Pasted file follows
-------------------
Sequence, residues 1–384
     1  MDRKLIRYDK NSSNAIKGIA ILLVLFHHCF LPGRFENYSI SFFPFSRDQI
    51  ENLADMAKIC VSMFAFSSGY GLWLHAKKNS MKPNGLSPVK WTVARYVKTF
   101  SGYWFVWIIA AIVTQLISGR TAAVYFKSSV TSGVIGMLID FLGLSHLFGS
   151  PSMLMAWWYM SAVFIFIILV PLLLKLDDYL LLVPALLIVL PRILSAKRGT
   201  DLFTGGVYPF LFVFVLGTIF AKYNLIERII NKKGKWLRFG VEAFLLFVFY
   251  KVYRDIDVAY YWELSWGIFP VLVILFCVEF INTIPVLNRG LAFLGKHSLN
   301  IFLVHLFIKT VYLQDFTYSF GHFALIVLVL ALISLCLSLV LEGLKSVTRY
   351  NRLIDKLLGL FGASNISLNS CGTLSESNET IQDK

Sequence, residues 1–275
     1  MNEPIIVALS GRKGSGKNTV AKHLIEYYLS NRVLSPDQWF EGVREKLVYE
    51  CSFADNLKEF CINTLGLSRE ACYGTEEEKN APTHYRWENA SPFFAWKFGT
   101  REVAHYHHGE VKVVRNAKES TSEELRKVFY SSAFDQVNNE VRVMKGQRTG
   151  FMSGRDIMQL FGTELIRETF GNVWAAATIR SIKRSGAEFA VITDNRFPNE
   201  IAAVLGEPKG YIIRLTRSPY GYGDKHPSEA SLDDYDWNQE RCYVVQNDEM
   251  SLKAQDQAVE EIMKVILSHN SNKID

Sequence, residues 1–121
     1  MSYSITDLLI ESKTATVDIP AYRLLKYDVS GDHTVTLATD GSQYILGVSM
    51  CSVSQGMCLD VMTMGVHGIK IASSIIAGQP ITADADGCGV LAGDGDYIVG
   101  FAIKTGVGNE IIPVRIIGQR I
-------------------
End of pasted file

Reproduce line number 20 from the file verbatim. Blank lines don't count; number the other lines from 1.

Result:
   101  FAIKTGVGNE IIPVRIIGQR I